Rabbit and squirrel meat is plucked from bones

Rabbit and squirrel meat is plucked from bones

Step 8: Add the Vegetables

  1. Wash, top, tail and moderately finely dice the remaining carrot before adding to the meat, along with the frozen peas.
  2. Stir the carrot and peas carefully through the meat.
Carrot and peas are added to pie meat

Carrot and peas are added to pie meat

Step 9: Add the Stock

  1. Spoon in enough cooled stock to approximately half cover the solids but no more or the pastry will become soggy during cooking and fail to rise.
  2. The remaining stock can be very successfully frozen in a suitable dish for future use in any number of potential ways.
Stock is poured over pie filling

Stock is poured over pie filling

Step 10: Place the Pastry and Cook

  1. Roll the pastry out on a clean, dry surface to a square just slightly bigger than the pie dish. Lay it on top of the dish and crimp the edges before carefully trimming off the overhang with a sharp knife. Put your oven on to preheat to 200C/400F/Gas Mark 6.
  2. When the oven is heated, glaze the top of the pastry with the beaten egg and cut a couple of steam vents in the centre. Sit the pie on a baking tray (to contain any potential if unlikely spills) and cook in the oven for 30 minutes or until the pastry is golden.
Oven-ready rabbit and squirrel pie

Oven-ready rabbit and squirrel pie

Step 11: Serve and Enjoy

Take the pie from the oven and let it rest for 10-15 minutes before cutting for service. Boiled, buttered new potatoes and a steamed vegetable such as broccoli make for excellent accompaniments.

Rabbit and squirrel pie

Rabbit and squirrel pie

Rabbit and squirrel pie is plated for service

Rabbit and squirrel pie is plated for service

© 2018 Gordon N Hamilton

Comments

Nate on June 22, 2020:

Mom made this for us growing up, thanks for the recipe!

Gordon N Hamilton (author) from Wishaw, Lanarkshire, United Kingdom on October 02, 2018:

Hi, Vicki. That's a happy coincidence indeed. I hope you enjoy the pie and thanks for commenting.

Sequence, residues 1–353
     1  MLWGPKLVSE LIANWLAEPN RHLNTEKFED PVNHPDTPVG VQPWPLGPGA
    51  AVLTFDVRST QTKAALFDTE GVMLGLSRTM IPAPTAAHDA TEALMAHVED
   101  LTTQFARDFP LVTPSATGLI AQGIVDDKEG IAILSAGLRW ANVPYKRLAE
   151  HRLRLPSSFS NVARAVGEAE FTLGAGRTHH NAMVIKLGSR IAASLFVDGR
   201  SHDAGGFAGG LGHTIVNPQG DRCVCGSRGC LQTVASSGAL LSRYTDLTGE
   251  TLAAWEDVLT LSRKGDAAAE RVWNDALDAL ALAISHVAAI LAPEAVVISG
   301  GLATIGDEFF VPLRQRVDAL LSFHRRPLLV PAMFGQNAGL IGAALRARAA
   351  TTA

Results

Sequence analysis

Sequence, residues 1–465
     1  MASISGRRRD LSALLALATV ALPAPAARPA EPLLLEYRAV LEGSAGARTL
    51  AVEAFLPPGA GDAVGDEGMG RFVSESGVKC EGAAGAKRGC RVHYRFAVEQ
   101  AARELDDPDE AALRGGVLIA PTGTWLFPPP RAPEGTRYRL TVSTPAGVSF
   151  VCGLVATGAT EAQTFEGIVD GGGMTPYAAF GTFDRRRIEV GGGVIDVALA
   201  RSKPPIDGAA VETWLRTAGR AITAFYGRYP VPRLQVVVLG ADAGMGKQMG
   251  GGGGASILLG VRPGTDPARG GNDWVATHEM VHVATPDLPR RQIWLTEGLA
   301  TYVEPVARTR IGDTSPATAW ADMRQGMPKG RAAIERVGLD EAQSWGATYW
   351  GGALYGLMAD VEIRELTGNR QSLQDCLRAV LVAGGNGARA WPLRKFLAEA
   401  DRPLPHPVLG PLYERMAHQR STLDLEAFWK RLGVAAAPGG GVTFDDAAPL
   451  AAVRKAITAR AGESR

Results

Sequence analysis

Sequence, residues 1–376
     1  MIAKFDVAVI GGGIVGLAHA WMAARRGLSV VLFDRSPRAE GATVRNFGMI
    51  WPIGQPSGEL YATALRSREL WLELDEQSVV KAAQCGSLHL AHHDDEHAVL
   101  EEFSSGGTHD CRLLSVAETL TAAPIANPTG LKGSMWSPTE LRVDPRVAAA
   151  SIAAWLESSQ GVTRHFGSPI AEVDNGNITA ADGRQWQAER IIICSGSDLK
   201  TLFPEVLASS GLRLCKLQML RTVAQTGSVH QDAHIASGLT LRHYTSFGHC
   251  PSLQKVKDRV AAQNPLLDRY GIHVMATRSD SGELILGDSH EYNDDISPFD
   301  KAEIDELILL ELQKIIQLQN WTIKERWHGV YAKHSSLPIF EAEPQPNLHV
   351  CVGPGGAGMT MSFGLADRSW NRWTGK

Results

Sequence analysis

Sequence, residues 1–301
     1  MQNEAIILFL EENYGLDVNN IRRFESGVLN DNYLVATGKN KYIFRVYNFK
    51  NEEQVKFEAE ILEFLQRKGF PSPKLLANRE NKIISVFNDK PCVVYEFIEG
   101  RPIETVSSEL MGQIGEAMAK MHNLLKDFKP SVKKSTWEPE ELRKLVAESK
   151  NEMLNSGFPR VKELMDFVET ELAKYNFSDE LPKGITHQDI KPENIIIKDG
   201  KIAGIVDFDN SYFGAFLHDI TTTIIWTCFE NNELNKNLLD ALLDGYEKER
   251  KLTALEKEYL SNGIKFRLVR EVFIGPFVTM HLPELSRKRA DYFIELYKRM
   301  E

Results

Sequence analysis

Vicki Wood from Eldon, Missouri on October 01, 2018:

I am totally making this. We just butchered 8 big rabbits yesterday! Thank you.

Gordon N Hamilton (author) from Wishaw, Lanarkshire, United Kingdom on September 30, 2018:

Paula - believe it or not, I can completely understand your viewpoint! As you yourself say, to each his (or her) own. I was raised by a strictly vegetarian mother but I am very much an omnivore and have always been happy that way. I would say only in my defence that I do not condone killing for killing's sake, I am more than prepared to do the dastardly deed in relation to the animals I do eat and I believe strongly in all aspects of conservation. I wish you the very best of luck in losing those few pounds and hope you do so while eating and enjoying the foodstuffs of your choice. Thanks for taking the time to comment and letting me know your feelings - I respect them fully.

Suzie from Carson City on September 30, 2018:

I want to thank you for assisting in my quest to lose a few pounds. The mere thought of consuming rabbit & squirrel (which I'm aware many people do!) is enough to destroy my appetite and/or desire to eat for at least 2 days.

I'm not a fan of wild game in the first place, but when I can look out into my yard and see squirrels darting about, scurrying up & down trees & cute bunny rabbits hopping along.......I literally feel my stomach seize up from the thought of eating them. It leaves me disgusted and destroys any hunger I may have had.

I gag as I write this. To each his own.

Gordon N Hamilton (author) from Wishaw, Lanarkshire, United Kingdom on September 30, 2018:

Hi, Wesman. Thanks for visiting and I'm glad you like the recipe. I've been eating rabbit since childhood but only discovered squirrel these past few years. Both are delicious and am sure that as a meat lover you would love them. Hope you get a chance to try them soon and deprive the tom of his next meal.

Wesman Todd Shaw from Kaufman, Texas on September 29, 2018:

Now that right there, friend, is something I'd tear right into. I do not believe I've ever had either rabbit or squirrel.

My dad, having come from humble circumstances, says he grew up eating both of them. I'm a pretty avid consumer of meat, and gosh darnit, I want to try some new stuff like that!

I live on my parent's small farm property in a little trailer. Yesterday I heard some shotgun blasts, and went outside to see the dad shooting squirrels, as he's not fond of them getting near to the young pecan trees.

He gave the critter to the tom cat in hopes the tom would take to just doing the deed for him. LOL.